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Motorization and the provision of roads in countries and cities

  • Ingram, Gregory K.
  • Zhi Liu
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    Using panel data from 50 countries and 35 urban areas (covering a wide range of country incomes), the authors summarize trends in motorization and the provision of roads, and they examine the ratio of motor vehicles to roads in a production function framework at both national andurban levels. They find regularities very strong across countries and urban areas and over time. Among their sometimes surprising findings: (1) Economic development increases demand for transport, reliance on cars and trucks, and road provision. (2) Motorization expands at the same rate as per capita income, but the auto fleet expands more rapidly, and commercial vehicles less rapidly, than income. At early stages of motorization, commercial vehicles comprise a large share of the motor vehicle fleet. Passenger transport by automobile becomes more prominent as income grows. Both country and urban data show evidence of similar saturation levels for car and total motor vehicle ownership. (3) The presence of railways at the national level reduces commercial vehicle ownership but not car ownership, suggesting that rail is competitive for freight but not for passenger travel as incomes grow. (4) Nationally, road networks expand more slowly than incomes, but paved road networks expand at the same time as incomes. Road provision appears to be quite responsive to demand nationally. (5) For specific urban areas, per capita road length is positively associated with national income level but changes little over time, showing that history or urban endowments matter. The annexation of surrounding developed area appears to play a big role in expanding urban road length. Urban areas average roughly 15 times more road length per unit area, and seven times more vehicles per kilometer of road, than countries -and a saturation level exists for urban road length per unit of area. (6) Vehicles per kilometer of road are positively associated with income, with (proxies for) land prices, and with low gasoline prices.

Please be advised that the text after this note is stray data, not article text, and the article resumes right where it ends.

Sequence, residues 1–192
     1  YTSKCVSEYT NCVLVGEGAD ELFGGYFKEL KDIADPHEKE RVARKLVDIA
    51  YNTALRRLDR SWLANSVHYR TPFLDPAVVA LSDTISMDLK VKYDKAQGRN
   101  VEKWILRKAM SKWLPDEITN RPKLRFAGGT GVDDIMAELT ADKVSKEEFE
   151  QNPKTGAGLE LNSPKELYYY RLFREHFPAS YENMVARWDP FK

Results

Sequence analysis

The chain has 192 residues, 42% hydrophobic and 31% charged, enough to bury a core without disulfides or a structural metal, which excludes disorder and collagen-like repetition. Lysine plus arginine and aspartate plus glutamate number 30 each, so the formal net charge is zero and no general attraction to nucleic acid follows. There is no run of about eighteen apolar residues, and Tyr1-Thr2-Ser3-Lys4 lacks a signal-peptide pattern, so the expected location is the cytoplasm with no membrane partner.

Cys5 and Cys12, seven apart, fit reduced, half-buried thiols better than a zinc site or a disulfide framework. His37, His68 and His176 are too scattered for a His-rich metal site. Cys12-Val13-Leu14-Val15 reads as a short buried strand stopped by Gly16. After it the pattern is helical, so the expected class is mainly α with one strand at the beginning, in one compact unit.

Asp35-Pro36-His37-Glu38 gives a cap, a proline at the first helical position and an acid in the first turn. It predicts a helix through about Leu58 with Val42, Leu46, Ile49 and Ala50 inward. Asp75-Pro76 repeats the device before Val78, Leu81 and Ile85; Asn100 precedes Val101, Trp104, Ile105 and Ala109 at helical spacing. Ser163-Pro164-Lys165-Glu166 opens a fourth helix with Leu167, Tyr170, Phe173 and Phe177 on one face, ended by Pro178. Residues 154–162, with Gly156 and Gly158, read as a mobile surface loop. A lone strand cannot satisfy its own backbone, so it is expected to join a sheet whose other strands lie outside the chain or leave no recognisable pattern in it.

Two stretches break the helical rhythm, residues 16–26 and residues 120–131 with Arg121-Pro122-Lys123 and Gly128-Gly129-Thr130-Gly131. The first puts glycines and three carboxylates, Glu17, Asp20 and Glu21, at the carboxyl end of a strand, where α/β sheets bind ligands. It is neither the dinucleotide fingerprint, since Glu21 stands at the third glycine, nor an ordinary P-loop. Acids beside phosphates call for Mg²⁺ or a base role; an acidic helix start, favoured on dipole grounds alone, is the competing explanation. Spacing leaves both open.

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    Paper provided by The World Bank in its series Policy Research Working Paper Series with number 1842.

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    Date of creation: 30 Nov 1997
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    Handle: RePEc:wbk:wbrwps:1842
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    1. Morrison, Catherine J & Schwartz, Amy Ellen, 1996. "State Infrastructure and Productive Performance," American Economic Review, American Economic Association, vol. 86(5), pages 1095-1111, December.
    2. Aschauer, David Alan, 1989. "Is public expenditure productive?," Journal of Monetary Economics, Elsevier, vol. 23(2), pages 177-200, March.
    3. David A. Aschauer, 1990. "Highway capacity and economic growth," Economic Perspectives, Federal Reserve Bank of Chicago, issue Sep, pages 14-24.
    4. Robert S. Pindyck, 1979. "The Structure of World Energy Demand," MIT Press Books, The MIT Press, edition 1, volume 1, number 0262661772, June.
    5. Chin, Anthony & Smith, Peter, 1997. "Automobile ownership and government policy: The economics of Singapore's vehicle quota scheme," Transportation Research Part A: Policy and Practice, Elsevier, vol. 31(2), pages 129-140, March.
    6. William C. Wheaton, 1978. "Price-Induced Distortions in Urban Highway Investment," Bell Journal of Economics, The RAND Corporation, vol. 9(2), pages 622-632, Autumn.
    7. Bennathan, Esra & Fraser, Julie & Thompson, Louis S., 1992. "What determines demand for freight transport?," Policy Research Working Paper Series 998, The World Bank.
    8. William C. Wheaton, 1982. "The Long-Run Structure of Transportation and Gasoline Demand," Bell Journal of Economics, The RAND Corporation, vol. 13(2), pages 439-454, Autumn.
    9. Douglas Holtz-Eakin, 1992. "Public-Sector Capital and the Productivity Puzzle," NBER Working Papers 4122, National Bureau of Economic Research, Inc.
    10. Duffy-Deno, Kevin T. & Eberts, Randall W., 1991. "Public infrastructure and regional economic development: A simultaneous equations approach," Journal of Urban Economics, Elsevier, vol. 30(3), pages 329-343, November.
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